Judge dis­misses suit against gun maker

Baltimore Sun - - NATION & WORLD - By Dave Collins

HART­FORD, CONN. — A judge Fri­day dis­missed a wrong­ful-death law­suit by New­town fam­i­lies against the maker of the ri­fle used in the Sandy Hook Ele­men­tary School shoot­ing mas­sacre, cit­ing an em­bat­tled fed­eral law that shields gun man­u­fac­tur­ers from most law­suits over crim­i­nal use of their prod­ucts.

State Su­pe­rior Court Judge Bar­bara Bel­lis granted a mo­tion by Rem­ing­ton Arms to strike the law­suit by the fam­i­lies of nine chil­dren and adults killed and a teacher who sur­vived the Dec. 14, 2012, school at­tack, in which a gun­man killed 20 first-graders and six ed­u­ca­tors with a Bush­mas­ter AR-15-style ri­fle made by Rem­ing­ton.

The fam­i­lies were seek­ing to hold Rem­ing­ton ac­count­able for sell­ing what their lawyers called a semi-au­to­matic ri­fle that is too dan­ger­ous for the pub­lic. Their lawyer vowed an im­me­di­ate ap­peal of Fri­day’s rul­ing.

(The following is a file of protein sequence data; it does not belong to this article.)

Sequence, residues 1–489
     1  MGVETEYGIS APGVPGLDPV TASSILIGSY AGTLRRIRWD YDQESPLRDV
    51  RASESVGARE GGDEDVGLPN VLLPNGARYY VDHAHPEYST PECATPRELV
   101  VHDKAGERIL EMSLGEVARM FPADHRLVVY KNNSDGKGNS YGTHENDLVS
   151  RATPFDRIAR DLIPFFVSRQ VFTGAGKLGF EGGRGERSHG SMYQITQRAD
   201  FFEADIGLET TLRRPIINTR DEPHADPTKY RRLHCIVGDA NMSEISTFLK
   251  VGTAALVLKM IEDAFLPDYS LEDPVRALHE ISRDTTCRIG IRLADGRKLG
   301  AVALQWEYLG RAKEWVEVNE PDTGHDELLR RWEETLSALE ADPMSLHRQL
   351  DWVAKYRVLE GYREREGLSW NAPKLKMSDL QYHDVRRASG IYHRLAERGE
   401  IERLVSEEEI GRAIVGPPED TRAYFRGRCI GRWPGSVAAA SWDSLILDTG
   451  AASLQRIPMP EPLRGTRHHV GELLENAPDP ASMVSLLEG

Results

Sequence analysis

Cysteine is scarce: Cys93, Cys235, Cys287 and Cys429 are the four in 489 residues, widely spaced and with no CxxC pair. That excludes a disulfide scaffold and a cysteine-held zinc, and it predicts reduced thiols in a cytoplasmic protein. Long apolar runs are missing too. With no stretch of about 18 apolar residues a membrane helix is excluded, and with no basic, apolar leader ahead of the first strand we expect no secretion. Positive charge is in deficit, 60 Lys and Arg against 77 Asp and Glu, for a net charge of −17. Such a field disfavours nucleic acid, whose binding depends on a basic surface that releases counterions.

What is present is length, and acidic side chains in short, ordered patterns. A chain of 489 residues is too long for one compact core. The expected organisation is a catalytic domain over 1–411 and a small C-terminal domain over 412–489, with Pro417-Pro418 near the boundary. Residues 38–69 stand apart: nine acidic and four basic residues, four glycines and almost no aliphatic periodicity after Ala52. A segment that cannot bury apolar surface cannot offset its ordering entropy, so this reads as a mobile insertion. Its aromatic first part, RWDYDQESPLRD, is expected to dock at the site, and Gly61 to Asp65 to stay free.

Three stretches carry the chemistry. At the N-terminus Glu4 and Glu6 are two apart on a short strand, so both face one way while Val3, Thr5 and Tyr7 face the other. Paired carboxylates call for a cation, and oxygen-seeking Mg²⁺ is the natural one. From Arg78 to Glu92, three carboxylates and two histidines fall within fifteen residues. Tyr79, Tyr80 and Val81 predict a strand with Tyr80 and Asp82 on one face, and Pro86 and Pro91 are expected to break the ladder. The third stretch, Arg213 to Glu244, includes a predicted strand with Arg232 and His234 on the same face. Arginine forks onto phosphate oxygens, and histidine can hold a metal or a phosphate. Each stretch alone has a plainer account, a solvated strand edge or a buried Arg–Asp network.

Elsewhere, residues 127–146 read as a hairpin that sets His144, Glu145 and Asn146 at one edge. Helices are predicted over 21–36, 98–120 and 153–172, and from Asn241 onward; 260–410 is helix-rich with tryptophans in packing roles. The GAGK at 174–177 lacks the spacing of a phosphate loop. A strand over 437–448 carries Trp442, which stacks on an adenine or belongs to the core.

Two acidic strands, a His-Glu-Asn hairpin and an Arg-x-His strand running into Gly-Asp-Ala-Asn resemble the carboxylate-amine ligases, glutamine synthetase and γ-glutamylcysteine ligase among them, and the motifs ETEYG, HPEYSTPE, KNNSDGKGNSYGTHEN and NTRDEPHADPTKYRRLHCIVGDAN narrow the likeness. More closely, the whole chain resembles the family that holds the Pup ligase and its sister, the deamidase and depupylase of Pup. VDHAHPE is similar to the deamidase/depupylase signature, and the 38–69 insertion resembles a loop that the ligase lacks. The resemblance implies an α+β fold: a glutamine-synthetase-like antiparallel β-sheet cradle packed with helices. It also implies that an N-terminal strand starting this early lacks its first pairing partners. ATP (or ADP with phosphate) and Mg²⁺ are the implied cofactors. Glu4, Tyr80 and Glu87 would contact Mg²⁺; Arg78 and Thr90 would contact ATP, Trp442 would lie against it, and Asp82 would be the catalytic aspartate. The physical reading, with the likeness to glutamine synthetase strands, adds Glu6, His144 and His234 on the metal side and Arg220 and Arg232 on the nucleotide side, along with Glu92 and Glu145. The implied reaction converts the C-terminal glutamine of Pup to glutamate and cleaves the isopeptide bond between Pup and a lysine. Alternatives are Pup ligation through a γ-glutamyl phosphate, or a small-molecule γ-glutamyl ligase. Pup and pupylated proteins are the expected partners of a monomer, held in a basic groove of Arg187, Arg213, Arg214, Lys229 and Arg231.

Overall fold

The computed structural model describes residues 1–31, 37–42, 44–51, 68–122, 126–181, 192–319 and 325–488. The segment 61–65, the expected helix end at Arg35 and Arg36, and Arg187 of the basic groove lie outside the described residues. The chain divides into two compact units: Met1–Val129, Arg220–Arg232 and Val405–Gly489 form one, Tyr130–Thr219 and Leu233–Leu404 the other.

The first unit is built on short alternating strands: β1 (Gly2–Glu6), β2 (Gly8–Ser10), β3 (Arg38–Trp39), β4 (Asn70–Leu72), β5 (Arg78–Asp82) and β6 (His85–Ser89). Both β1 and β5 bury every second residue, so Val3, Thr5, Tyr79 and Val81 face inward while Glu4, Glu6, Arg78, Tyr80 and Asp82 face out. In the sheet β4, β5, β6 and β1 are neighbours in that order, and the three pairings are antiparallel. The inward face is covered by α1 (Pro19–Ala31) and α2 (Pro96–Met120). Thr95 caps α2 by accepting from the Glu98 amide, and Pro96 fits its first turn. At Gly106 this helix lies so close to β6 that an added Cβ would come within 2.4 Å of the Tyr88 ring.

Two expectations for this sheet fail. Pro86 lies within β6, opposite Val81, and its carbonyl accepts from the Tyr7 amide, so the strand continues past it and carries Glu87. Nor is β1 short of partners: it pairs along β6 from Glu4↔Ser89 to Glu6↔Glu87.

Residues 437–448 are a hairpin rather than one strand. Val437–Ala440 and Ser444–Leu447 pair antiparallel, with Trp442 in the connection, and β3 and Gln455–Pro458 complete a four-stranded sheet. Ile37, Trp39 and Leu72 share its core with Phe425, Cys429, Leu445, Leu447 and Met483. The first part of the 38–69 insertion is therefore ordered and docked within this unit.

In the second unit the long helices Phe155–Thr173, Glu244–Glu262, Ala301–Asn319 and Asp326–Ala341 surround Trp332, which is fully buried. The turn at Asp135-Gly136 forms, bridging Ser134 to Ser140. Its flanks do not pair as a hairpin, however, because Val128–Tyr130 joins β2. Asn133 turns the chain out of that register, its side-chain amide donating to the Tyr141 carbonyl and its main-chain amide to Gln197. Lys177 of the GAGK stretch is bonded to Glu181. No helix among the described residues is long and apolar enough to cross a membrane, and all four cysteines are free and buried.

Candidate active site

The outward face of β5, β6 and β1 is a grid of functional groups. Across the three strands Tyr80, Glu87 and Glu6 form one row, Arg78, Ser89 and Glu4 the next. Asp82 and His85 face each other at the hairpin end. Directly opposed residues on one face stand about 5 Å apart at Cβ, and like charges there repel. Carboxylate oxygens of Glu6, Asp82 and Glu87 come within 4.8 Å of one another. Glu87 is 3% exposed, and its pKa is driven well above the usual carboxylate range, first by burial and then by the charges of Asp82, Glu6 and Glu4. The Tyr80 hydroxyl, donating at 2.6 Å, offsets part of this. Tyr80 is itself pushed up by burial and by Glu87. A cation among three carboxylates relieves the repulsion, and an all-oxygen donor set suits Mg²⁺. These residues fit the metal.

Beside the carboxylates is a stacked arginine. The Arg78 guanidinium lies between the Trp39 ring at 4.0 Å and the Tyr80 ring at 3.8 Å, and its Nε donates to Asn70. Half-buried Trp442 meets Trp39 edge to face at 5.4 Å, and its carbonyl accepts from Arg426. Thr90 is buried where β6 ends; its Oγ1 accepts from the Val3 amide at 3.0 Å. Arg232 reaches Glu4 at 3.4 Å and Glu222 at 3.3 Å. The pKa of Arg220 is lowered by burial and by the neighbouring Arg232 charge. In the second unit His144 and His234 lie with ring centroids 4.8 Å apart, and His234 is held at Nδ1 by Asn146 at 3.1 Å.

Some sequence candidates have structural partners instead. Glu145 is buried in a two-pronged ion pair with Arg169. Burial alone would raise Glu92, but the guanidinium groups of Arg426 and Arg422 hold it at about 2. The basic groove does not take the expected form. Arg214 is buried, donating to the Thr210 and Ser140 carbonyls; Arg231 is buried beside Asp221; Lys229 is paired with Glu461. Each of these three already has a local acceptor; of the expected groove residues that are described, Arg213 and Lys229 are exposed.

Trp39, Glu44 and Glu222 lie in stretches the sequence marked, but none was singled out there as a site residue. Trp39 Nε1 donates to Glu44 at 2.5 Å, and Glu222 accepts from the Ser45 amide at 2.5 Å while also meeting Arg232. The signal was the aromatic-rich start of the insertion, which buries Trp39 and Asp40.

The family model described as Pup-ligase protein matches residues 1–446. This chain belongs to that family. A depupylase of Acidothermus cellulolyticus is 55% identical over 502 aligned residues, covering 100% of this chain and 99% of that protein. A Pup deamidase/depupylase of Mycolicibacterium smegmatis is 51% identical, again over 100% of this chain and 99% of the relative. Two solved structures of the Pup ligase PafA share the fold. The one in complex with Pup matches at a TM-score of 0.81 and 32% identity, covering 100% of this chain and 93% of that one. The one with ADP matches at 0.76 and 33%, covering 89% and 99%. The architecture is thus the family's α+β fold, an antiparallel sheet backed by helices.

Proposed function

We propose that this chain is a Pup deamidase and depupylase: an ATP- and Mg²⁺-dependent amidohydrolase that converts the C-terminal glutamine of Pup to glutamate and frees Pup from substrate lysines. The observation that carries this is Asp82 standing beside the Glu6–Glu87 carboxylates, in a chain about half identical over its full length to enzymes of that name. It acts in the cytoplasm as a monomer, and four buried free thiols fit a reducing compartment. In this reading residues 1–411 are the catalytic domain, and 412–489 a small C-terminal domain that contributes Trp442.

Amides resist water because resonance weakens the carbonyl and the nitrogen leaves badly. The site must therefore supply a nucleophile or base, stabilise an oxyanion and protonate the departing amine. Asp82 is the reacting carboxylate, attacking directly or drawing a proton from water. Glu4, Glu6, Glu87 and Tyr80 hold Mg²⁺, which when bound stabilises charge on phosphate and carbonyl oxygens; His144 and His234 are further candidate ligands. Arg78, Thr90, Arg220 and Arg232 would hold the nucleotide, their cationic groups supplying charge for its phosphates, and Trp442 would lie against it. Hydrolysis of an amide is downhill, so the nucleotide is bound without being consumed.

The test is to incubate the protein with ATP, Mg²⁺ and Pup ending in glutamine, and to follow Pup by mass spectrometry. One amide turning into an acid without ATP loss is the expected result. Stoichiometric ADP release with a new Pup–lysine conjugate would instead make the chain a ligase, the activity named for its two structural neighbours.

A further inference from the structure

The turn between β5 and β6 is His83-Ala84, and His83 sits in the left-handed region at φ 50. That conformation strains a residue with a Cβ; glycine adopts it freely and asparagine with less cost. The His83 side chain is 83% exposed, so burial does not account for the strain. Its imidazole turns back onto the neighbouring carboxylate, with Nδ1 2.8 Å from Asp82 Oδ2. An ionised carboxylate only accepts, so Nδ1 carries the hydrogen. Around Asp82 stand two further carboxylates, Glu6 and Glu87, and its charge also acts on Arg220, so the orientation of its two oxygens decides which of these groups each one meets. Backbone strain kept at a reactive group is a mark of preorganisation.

The judge agreed with at­tor­neys for Madi­son, N.C.-based Rem­ing­ton that the law­suit should be dis­missed un­der the Rem­ing­ton Arms at­tor­ney James Vogts, left, and at­tor­ney Joshua Koskoff, rep­re­sent­ing fam­i­lies of vic­tims of the Sandy Hook mas­sacre, ar­gue their points in court this year. fed­eral Pro­tec­tion of Law­ful Com­merce in Arms Act, which was passed by Congress in 2005 and shields gun mak­ers from li­a­bil­ity when their firearms are used in crimes.

But the fam­i­lies’ at­tor­neys ar­gued that the law­suit was al­lowed un­der an ex­cep­tion in the fed­eral law that al­lows lit­i­ga­tion against com­pa­nies that know, or should know, that their weapons are likely to be used in a way that risks in­jury to oth­ers.

Be­sides Rem­ing­ton, other de­fen­dants in the law­suit in­clude firearms dis­trib­u­tor Cam­four and the now-closed store Riverview Gun Sales.

NED GER­ARD/CON­NECTI­CUT POST PHO­TOS

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